Two times in the last monthone of my children has been racialized. During an exchange amongst a group of friends where they were trading (not so) humerous barbs, the other child made a racial comment about my son’s skin color or hair. These comments were made by children having received from another some comment designed to make fun of their glasses, weight, height, and/or athletic ability.
What I find interesting is how unreactive my kids have been and how extremely reactive their friends were. None had any problems calling someone fat or stupid or short or slow or blind or whatever. But as soon as the race card was played, that changed everything. Alarms sounded, parents notified, etc. But my kids probably wouldn’t have told me that these events happened (even though they have no problems tattling on each other).
I know that racializations (generalizations, stereotypes, etc.) are extremely painful to the receiver. And whenever we hear them, we ought to confront them without delay. But lest our righteous indignation overwhelm us, let us not forget that other forms of objectification are equally painful. This is the message I am delivering to my kids: We do not tolerate making fun of other people, period. I think my kids get it but I’m not sure their larger community gets it. And the biggest problem we have is from other white kids looking to get others in trouble.
But here’s my dilemma. I notice that in much of the literature written by transracial adoptees concludes that their parents never talked about race, never understood the deep pain they felt from racializations and racism, and have no interest in living in their old neighborhoods. Now, I could conclude that those writers, now in their late 20s and 30s, grew up in an era where parents tried to be “color-blind.” But I do wonder if the message my kids hear from me as I confront them on their own use of put-downs is that I don’t really think racializations are that serious a problem.
I listened to parts of Michelle Obama’s speech on Monday night. She told the story of the birth of their first child in 1998 (same year and location (Chicago) we adopted our first son at the tender age of 4 days). She told of how they drove home from the hospital with Michelle in the back and Barack driving ever so slowly in order to make sure not to disturb their new daughter.
I did the same thing. We picked up Sam in Oak Park, IL and drove him back to Wheaton (about a 30 minute drive). Kim sat in the back of our 2 door Honda Civic Hatchback and held his head so it wouldn’t flop and I drove trying to avoid every bump in the road. It didn’t stop there. I then didn’t sleep the next two nights as I stayed with him making sure he was alright. A little crazy but as a first time parent, he seemed so fragile to me.
Anybody else out there willing to admit their anxieties over their firstborn?
Its good to be back in the saddle this 2nd day of 2008. I’m looking forward to blogging through Mark McMinn’s Integrative Psychotherapy as well as fleshing out some thoughts I had regarding anxiety versus healthy concern. I’m also going to write a bit about how the news media shapes our way of looking at the world. And since I was asked, I’m going to write a bit about male circumcision. Is it abuse? There are some who suggest it is. This last one may not be a big issue, but since it was new to me, I did some thinking on the matter. Oh yeah, I also have to prepare for my class, Psychopathology. So, look for weekly installments on various pathologies.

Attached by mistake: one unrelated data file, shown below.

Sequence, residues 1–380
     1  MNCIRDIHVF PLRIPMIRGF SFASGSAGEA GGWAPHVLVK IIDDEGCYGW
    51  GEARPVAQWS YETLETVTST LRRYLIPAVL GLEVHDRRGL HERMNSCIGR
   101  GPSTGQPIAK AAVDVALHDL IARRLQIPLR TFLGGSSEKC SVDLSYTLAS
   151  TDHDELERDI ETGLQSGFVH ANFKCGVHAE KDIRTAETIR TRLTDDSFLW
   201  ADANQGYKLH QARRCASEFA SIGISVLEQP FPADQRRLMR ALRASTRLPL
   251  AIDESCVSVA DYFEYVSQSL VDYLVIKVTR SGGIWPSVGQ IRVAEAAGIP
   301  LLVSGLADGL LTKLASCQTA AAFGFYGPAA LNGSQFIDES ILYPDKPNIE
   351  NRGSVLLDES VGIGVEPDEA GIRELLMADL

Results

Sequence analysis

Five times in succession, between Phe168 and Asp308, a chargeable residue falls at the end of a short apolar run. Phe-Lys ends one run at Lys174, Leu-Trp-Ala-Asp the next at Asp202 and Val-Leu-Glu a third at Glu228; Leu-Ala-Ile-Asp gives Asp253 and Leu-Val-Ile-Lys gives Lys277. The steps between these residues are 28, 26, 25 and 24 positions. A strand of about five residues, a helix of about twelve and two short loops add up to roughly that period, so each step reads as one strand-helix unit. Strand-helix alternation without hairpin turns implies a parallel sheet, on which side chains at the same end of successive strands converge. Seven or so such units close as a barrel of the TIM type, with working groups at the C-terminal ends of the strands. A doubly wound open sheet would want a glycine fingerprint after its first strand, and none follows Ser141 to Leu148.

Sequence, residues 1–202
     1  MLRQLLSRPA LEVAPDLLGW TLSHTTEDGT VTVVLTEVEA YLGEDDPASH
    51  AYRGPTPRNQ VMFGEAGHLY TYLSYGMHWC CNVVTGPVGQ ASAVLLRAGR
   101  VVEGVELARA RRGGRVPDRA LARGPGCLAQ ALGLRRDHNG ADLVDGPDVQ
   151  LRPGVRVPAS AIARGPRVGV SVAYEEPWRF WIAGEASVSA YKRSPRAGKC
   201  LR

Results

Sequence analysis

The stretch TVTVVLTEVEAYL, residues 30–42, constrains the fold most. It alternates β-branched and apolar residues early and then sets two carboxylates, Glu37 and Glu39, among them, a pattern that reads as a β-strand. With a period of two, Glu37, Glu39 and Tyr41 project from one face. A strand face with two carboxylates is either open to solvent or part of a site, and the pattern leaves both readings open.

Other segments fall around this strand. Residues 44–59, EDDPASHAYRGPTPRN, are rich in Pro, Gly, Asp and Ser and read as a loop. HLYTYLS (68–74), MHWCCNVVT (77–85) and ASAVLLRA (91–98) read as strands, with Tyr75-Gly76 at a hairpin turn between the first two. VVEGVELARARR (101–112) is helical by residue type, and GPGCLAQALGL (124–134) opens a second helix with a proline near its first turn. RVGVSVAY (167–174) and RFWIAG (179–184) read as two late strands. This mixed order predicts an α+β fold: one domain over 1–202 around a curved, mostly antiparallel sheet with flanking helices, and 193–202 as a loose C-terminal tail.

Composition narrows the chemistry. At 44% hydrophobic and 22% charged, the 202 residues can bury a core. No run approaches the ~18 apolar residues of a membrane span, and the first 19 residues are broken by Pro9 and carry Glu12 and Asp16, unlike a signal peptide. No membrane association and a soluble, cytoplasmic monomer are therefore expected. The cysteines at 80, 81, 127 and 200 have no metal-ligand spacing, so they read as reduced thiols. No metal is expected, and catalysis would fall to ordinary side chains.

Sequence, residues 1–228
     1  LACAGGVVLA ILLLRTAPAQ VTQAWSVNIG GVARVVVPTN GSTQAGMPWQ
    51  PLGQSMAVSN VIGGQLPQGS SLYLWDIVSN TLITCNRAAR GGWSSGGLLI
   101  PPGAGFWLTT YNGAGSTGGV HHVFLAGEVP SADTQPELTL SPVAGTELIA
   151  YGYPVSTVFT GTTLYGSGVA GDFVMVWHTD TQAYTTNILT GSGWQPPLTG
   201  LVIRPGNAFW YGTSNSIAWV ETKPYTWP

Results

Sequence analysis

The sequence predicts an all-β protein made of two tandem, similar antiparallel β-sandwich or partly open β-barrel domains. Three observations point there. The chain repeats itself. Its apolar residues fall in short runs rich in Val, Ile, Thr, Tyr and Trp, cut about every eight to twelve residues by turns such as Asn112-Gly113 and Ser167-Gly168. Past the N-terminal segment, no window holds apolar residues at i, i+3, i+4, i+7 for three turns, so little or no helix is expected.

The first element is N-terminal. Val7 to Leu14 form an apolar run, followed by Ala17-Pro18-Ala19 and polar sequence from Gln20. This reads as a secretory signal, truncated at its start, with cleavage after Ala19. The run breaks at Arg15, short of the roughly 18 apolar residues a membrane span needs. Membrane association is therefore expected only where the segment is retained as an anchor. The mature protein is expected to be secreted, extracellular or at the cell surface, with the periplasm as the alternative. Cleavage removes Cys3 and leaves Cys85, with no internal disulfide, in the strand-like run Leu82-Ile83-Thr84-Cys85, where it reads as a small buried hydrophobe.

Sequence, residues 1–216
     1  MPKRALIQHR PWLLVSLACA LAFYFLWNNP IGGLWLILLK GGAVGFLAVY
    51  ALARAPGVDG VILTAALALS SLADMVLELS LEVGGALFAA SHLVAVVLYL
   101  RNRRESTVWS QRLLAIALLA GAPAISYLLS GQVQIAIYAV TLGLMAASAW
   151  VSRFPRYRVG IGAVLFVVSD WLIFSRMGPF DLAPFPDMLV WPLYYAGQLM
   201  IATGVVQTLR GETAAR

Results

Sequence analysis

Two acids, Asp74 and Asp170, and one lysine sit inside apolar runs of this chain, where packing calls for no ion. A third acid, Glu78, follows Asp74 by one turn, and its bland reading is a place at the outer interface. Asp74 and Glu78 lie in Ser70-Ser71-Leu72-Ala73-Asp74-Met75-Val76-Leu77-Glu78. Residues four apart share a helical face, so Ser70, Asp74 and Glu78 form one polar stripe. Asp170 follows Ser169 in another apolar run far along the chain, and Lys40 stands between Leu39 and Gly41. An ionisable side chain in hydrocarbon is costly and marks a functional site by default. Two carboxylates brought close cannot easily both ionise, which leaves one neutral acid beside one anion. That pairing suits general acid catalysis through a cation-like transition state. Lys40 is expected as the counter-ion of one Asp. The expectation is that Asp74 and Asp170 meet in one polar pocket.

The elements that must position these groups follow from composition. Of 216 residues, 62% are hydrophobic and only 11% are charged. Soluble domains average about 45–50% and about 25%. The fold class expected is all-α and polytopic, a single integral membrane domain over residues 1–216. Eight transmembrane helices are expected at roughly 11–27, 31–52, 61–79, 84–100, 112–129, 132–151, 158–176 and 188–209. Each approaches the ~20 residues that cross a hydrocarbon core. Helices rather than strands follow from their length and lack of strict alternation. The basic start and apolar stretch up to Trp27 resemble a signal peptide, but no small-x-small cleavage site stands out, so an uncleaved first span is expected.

I don’t know about you, but I did very little this past holiday week. A walk here, a kid’s movie there, conversation with my parents. And yet, I’m still tired. Go figure. I played multiple games of foosball. It was a big hit. Now, here was my dilemma. I am a good player. I played my kids separately, together, and with an adult. I beat them every time. My youngest is a tough competitor and he wanted to play me but got very upset when I continually beat him. So, I considered whether I should go easy on him and let him win. So, last night, after a week of telling him I never lose, I let him win. He must of screamed, “I won, I won, I beat Daddy!” for ten minutes. He told the whole world. (Freud was right about some things.) When my eldest asked if it were true, I said yes. So, I’m teaching him how to win and lose gracefully. I have a long way to go.
Finally, I want to bring to your attention a ministry that helps set up adoption funds in churches. Check out this link to learn more about the ABBA fund. See what they can do for your church.
Sunday’s sermon was on Matthew’s account of the healing of the paralyzed man. The friends go to the trouble to get the man in front of Jesus (the other Gospels point out that they opened the roof to get him in because the crowds were too great). And what does Jesus do? He forgives the man’s sins. I could imagine the man thinking or even saying, “Uh, thanks Jesus, but that wasn’t what I was looking for. I’d rather walk if that is okay with you.”
The reality is we have in mind the way we want to be blessed. Sometimes God’s blessing doesn’t fit our mold. This passage is a good reminder that Jesus’ primary healing is the healing hearts hardened by sin. The physical healing is “so that you may know” who God is.
Ever had a blessing you didn’t ask for, but got? Here are two of mine. I certainly didn’t ask for them when we were going through infertility but man did I ever get the better blessing.
Check out the this website written by several adoptive dads. Its just starting but there is some good information there (e.g., financing adoptions when you have little income): http://www.adoptivedads.org/ Check it out or pass on the info should you know somebody who could benefit.